HASS: I think Yun has captured it well. The honest truth is there really is no consensus in the United States on what the crux of competition between the United States and China is. There are a range of views. You often hear President Biden talk about democracies being in a contest against autocracies for influence on the world stage. But you also hear other people in the Biden administration and elsewhere essentially warning that prestige derives from performance. And China's performance is improving. Their overall economic power, their overall national power, their overall military power is growing. The question that I think a lot of people are grappling with is what is the most effective way to respond to China's growth in overall national power? And some people believe that the United States simply needs to run faster to keep its lead over China. And others feel like more aggressive actions also are needed as well to maybe trip up or slow down the competition from China in order for the United States to maintain or preserve its lead in overall national power on the world stage.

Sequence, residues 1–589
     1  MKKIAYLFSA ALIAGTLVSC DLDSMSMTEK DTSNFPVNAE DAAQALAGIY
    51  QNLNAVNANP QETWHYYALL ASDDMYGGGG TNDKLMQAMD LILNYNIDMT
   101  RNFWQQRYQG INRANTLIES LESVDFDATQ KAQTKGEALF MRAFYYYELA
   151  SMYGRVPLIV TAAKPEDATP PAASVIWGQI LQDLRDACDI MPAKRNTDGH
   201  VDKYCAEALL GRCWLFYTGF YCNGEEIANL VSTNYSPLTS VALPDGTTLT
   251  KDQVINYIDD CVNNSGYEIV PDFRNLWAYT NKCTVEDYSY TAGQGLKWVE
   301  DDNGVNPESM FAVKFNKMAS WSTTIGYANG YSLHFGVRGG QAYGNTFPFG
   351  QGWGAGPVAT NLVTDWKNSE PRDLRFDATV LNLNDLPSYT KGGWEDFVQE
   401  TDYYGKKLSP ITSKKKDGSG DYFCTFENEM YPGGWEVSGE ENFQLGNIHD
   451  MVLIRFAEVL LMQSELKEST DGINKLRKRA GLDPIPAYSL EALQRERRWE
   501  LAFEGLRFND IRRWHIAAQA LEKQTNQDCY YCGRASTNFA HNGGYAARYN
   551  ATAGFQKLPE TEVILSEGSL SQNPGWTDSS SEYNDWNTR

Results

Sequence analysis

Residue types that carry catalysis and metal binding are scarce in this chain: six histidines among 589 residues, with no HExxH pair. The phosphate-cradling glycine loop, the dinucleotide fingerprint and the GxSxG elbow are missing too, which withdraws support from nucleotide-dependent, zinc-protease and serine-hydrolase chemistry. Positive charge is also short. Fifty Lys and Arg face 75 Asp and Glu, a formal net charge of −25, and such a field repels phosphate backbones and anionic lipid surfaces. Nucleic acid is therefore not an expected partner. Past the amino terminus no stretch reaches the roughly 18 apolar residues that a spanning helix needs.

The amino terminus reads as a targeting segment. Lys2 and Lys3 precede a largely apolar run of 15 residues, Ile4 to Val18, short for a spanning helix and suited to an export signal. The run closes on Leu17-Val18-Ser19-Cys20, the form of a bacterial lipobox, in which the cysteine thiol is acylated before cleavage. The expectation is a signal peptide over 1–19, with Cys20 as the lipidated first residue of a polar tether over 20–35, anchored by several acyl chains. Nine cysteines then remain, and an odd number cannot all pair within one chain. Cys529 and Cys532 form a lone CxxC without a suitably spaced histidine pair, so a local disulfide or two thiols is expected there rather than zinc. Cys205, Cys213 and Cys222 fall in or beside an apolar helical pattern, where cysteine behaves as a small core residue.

RASCOE: We should remember - right? - that there is a huge economic component to this. Talk about how that plays a role in all of this.